P2E Games Need To Emphasize Their Narrative And Artwork Over Quick Monetization Efforts

Blockchain.News Marketing   Oct 25, 2022 16:00 4 Min Read

The first generation of play-to-earn blockchain games has sparked global excitement. But unfortunately, one can't turn a blind eye to their glaring weaknesses and oversights either. For example, building a sustainable game requires a substantial focus on story, artwork, and content rather than monetization.

The Monetization Mindset Is Counterproductive

There is much to like about play-to-earn games and their opportunities. Giving players the ability to own in-game assets and convert them to real money is appealing. Unfortunately, most of these games are also pay-to-lay, as gamers need one or multiple NFTs before they can explore the virtual world. Making an upfront investment - often worth hundreds of dollars - creates a very problematic mindset among players.


Rather than enjoying the game to its fullest, players will try to recuperate that initial investment. As such, they will collect in-game rewards and sell them for money as fast as possible. That approach has created unsustainable in-game economies, affecting titles like Axie Infinity. Its native assets, AXS and SLP, are in the dirt and continue to lose value. There isn't sufficient demand for these currencies, and the overall supply keeps growing too quickly.


However, developers also won't shy away from taking shortcuts. They often know their players will focus on monetization rather than story or artwork. As a result, they spend less time focusing on those elements and only build game worlds with changing backgrounds, mechanics that grow stale, and repetitive content. In most cases, there is no open "living" world to explore, which is not what gaming should be about. 


Getting to the market faster than competing games is essential. However, that speedy approach should never compromise storytelling, artwork, or engaging content. P2E Game developers need to rid themselves of the monetization mindset and look beyond how they can make money from players quickly.

Building Games Takes Time

Video games are an art form that combines many different media types, including writing, illustration, and music. As a result, building a video game's narrative and artwork can take an extraordinary amount of time. Moreover, it is a process that shouldn't be rushed, especially not in favor of making a quick buck.


The writer(s) must first develop an original plot, which can be based on a pre-existing idea from another source. They then must figure out how to make this story fit into the game's world. That process may seem straightforward, but it rarely is. Translating a book or movie to a game - or vice versa - often fails when the project is rushed due to ulterior - and greedy - motives.


Once the basic plot is established, artists must create concept art for each scene in the game. They must also design characters, scenery, and other elements the team will use in the finished product. Creativity is not a switch one can flip on or off, though. There are days when the muse flows and other days when the creative part of the brain is as barren as a wasteland. 


Finally, developers spend several months working on programming code for every game aspect. That code then goes through rigorous testing internally. Most games will also provide alpha and beta testing to the public to ensure everything works as intended. The entire process takes years, from concept to launch of a game, after multiple testing rounds. Any game launching within a few weeks or months from idea to finish will often compromise one or several of these crucial aspects.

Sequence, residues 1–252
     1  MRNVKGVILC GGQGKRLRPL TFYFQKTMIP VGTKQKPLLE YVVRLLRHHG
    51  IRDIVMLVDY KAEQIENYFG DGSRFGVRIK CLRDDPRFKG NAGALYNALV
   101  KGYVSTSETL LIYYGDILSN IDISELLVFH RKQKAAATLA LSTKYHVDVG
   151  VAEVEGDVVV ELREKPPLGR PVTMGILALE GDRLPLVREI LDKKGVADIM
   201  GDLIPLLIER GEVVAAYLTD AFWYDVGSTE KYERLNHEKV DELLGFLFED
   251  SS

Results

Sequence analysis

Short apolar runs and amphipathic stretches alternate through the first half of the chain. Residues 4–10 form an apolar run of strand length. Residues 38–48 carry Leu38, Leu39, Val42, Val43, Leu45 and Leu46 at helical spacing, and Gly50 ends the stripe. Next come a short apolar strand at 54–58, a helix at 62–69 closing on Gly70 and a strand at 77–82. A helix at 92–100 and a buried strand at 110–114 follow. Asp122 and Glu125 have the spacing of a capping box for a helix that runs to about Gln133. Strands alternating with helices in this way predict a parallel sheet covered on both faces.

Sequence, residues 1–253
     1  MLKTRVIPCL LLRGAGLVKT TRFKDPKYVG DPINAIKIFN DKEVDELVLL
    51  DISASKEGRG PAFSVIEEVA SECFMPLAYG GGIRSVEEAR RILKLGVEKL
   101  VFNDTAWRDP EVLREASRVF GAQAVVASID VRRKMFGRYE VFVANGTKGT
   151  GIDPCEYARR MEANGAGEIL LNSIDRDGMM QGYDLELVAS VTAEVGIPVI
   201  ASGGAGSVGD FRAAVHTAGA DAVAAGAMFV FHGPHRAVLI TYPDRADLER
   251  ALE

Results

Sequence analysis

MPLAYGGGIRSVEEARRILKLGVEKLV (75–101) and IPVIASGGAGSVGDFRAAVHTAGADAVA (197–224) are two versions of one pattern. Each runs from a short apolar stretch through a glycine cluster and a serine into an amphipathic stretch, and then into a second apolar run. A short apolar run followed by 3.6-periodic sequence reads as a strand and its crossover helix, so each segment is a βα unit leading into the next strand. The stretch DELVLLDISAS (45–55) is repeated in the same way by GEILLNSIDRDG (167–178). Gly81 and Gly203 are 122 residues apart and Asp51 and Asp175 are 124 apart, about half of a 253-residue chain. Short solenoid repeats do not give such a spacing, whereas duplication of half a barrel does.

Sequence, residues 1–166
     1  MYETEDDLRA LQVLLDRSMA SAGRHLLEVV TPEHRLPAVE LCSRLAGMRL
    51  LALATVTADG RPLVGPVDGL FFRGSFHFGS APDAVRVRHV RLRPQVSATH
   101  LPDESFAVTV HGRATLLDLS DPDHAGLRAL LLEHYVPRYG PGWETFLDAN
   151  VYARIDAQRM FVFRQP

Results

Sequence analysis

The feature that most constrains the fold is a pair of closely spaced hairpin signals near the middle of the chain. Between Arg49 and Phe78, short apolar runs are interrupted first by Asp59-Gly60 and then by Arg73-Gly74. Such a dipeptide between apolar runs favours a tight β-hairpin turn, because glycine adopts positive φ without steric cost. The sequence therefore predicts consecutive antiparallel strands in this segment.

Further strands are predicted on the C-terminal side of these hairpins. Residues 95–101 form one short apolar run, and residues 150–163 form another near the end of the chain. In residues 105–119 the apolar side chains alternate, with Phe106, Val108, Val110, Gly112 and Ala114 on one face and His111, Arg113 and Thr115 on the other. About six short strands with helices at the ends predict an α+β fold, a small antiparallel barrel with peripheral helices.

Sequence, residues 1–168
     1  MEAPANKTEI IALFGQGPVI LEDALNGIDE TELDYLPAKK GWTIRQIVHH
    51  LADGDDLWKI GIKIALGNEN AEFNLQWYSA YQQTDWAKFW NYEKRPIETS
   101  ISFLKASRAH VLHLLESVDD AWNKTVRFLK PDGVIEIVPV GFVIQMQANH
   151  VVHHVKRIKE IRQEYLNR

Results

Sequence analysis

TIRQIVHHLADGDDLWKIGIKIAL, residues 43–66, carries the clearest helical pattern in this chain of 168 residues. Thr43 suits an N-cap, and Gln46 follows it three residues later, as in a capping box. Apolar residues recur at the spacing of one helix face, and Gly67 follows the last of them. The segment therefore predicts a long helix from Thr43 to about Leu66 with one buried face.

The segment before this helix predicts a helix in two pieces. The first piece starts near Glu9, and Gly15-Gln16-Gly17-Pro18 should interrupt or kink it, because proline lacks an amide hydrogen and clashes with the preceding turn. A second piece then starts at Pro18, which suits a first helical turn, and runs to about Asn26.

Not All Blockchain Games Cut Corners

Although there are too many P2E titles focused on monetization, other titles succeed in checking the right boxes. Keeping players engaged requires a gamer-first mindset, with monetization taking a backseat. Merging real-life concepts with P2E gaming, as Silks did, shows opportunities are plentiful. In Silks, players participate in a derivative gaming platform focused on thoroughbred horse racing. In-game avatars represent real-world horses born and bred at a facility belonging to the game's creators. NFTs earn in-game rewards based n the horse's real-world performance and training. 


Another example of storytelling and engaging gameplay over monetization is Apeiron. The first god game on the blockchain creates a strong narrative, and the team spent over half a decade creating an enticing game world. In addition, players can perform miracles, control their civilization, explore new planets and stars, and generate new planet NFTs through the Celestial Conjunction mechanic. Whether it is planet simulation, PvE world exploration, or PvP/GvG galactic progression, there is always something to do in the Apeiron ecosystem.


When it comes to putting the player first, Plutonians checks the right boxes, too. It is a player-driven game where anyone can create new content: narratives, items, and expansions. Players can share these creations with others without charging them, but they can also sell the content on the marketplace. Putting the player in control of their story - and letting them share the story with others - is an excellent example of gamer empowerment. That is what P2E games should be all about. 


Creating a video game is not something one should rush. Major mainstream gaming publishers can develop full-fledged games on a yearly cycle. Even then, they often reuse and rehash most in-game elements from previous versions as there isn't enough time and the monetization mindset takes the upper hand. That is not the path P2E game developers should pursue. The technology is here to build lasting gaming legacies and empower millions of gamers.

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